Over 80 percent of Uganda’s population live in rural areas, with agriculture providing a livelihood for 72 percent of the economically active population. 23 percent of Uganda’s gross domestic product originates from agriculture, making it a major contributor to poverty reduction.
Born in Akaoidebe, north Uganda, Paul Opio saw the struggle that his local community faced as a result of insufficient food security and poor animal production on a daily basis, and was determined to make a difference. Through work placements, education and a scholarship from the Marshal Papworth Fund, he now advises the government on livestock issues and is able to share his experience and knowledge and make a real impact.
Paul’s first university degree was in veterinary medicine and upon completion he trained farmers in poultry production in his home region of Lango.. Alongside his training, Paul worked for an Italian organisation in Karamoja, managing a large veterinary laboratory as part of a project to control and prevent disease in livestock.
He then worked for the United Nations Food and Agriculture Organisation (FAO) for four years before he applied and was accepted onto the Marshal Papworth scholarship programme. The scholarship enabled him to travel to the UK to study for an MSc in Animal Production and Nutrition, at Writtle College in Essex.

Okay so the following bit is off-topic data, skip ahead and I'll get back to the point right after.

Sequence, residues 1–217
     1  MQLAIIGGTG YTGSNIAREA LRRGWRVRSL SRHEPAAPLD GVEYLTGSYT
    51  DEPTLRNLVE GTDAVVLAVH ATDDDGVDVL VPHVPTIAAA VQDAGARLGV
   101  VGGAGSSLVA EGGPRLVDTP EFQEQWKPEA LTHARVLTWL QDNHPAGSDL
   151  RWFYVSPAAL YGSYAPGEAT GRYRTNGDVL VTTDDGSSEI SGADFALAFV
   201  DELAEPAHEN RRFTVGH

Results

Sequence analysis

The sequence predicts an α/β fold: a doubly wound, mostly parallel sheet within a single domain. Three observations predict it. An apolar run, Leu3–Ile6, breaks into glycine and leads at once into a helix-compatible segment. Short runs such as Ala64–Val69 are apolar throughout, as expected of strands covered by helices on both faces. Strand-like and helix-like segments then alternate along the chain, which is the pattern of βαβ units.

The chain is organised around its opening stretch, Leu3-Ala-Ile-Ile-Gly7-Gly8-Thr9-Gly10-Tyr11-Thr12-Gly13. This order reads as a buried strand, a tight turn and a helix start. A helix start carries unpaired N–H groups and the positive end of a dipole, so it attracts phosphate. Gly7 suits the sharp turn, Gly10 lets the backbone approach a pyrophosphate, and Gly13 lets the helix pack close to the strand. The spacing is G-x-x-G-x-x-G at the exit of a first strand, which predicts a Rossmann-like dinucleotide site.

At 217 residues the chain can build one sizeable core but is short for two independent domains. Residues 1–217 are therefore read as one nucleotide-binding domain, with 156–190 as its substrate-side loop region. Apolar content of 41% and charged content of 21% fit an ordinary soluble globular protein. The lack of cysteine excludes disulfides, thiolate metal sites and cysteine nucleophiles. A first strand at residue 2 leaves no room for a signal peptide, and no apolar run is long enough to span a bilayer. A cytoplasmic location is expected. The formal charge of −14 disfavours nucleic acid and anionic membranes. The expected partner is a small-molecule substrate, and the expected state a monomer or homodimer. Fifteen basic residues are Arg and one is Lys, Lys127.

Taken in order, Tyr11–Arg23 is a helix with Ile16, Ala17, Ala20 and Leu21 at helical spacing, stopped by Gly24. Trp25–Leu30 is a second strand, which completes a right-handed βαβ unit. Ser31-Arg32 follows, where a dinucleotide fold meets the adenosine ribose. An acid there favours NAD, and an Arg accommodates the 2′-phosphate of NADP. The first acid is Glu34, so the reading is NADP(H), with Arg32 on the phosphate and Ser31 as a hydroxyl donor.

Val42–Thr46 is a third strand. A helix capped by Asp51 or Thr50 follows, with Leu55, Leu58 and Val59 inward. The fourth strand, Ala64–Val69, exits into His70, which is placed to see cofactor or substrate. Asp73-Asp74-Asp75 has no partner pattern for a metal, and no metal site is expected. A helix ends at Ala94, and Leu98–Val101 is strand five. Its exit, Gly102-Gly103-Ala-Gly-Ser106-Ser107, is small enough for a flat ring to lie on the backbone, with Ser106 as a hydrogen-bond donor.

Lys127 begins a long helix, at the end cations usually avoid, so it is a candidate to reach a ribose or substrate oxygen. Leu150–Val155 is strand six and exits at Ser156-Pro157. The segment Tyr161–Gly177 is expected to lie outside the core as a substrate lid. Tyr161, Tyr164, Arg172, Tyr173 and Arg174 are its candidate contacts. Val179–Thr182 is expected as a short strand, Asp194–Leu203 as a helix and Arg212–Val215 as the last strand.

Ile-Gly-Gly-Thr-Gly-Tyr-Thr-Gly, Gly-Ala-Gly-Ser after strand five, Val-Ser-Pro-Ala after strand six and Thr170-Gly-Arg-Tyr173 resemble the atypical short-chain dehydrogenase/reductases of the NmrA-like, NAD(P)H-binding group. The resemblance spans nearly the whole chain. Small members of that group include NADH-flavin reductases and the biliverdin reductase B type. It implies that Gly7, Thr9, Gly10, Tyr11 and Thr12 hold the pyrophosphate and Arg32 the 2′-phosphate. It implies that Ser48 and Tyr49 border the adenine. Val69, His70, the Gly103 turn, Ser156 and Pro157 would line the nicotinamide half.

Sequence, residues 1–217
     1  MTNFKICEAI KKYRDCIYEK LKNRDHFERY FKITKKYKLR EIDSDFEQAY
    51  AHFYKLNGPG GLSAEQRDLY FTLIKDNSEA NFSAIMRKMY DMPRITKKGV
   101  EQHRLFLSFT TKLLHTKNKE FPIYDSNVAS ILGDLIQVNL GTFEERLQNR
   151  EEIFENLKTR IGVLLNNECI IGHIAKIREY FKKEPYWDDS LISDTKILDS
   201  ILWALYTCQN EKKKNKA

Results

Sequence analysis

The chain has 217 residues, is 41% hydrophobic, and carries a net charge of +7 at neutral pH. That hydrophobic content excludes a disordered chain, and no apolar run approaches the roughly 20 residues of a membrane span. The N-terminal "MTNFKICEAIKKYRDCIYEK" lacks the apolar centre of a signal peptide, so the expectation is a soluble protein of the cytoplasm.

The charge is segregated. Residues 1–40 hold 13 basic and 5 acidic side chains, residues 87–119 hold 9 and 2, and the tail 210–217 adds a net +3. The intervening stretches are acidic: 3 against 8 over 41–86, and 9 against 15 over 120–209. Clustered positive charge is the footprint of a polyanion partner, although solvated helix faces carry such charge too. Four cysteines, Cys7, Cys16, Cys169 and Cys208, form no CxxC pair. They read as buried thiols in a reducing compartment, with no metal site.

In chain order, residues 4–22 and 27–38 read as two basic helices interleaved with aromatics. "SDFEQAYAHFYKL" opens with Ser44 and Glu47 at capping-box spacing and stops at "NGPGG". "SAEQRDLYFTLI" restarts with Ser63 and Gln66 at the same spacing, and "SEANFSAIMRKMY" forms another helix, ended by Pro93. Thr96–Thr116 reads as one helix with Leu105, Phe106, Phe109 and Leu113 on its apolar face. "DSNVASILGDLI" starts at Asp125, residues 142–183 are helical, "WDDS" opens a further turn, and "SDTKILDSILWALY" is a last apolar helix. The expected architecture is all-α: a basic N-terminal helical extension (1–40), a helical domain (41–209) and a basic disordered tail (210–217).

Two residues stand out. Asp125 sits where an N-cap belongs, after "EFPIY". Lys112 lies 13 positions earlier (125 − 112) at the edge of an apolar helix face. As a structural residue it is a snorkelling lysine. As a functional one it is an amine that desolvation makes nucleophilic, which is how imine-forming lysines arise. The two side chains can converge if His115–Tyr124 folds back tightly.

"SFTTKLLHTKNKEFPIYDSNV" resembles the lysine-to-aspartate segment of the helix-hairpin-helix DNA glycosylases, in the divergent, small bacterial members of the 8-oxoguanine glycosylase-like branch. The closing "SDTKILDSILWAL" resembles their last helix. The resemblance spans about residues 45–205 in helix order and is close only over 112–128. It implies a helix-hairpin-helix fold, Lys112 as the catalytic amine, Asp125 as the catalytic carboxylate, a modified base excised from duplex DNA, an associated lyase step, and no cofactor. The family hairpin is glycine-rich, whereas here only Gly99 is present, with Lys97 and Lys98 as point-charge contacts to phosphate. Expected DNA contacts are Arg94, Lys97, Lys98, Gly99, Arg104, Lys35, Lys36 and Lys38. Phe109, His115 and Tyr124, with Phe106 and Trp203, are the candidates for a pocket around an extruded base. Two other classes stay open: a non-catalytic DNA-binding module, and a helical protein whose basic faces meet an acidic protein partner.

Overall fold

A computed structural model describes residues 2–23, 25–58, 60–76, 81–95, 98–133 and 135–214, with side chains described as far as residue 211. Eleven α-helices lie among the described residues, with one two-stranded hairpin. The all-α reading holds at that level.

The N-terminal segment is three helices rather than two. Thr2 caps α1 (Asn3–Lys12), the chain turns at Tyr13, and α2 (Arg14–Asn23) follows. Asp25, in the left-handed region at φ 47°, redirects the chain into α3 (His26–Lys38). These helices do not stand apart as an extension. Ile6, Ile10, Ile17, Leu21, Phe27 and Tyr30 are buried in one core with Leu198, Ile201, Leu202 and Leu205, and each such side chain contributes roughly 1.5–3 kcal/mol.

Paul said: “I had trained as a vet in Uganda and I faced problems working with livestock disease daily. On most occasions treatment was provided and the animals would recover, however farmers found they were not getting the best out of their livestock. I wanted to do something more than simply treat the livestock; I wanted to understand how to increase yields from animals.”
Uganda’s economy is extremely how to order xanax online climate sensitive and livestock production contributes greatly to the country’s food security. The general livestock population has increased at a rate of around four percent from 2001 to 2009.
Paul commented: “Receiving a scholarship to study in the UK was a turning point in my career; achieving my Masters qualification gave me valuable knowledge and skills that I could then share with communities in my own country, helping to improve the livestock development of Uganda as a whole.”
Paul is now a qualified veterinary surgeon and currently works as a livestock specialist for FAO, which is working to eradicate hunger, food insecurity and malnutrition, by reducing rural poverty and increasing and improving the provision of goods and services from agriculture.
Paul added: “My biggest achievement since returning home has been facilitating the creation of a regional livestock and pastoralism working group, which meets bi-monthly to discuss key issues and provides advice on the latest developments within agriculture across Eastern Africa.
“My life has really changed because of the Marshal Papworth scholarship and I will never forget it. The scholarship has enabled me to work with people in some of the worst affected areas of the country, helping to build a sustainable future for their communities.”
The Marshal Papworth Fund is wholly managed by the East of England Agricultural Society and has helped to improve the lives of over one hundred and twenty students from developing countries. To help many more students like Paul, the Fund relies on donations. To find out more and to make a donation contact Sandra Lauridsen on 01733 363514 or email email@example.com for more information.
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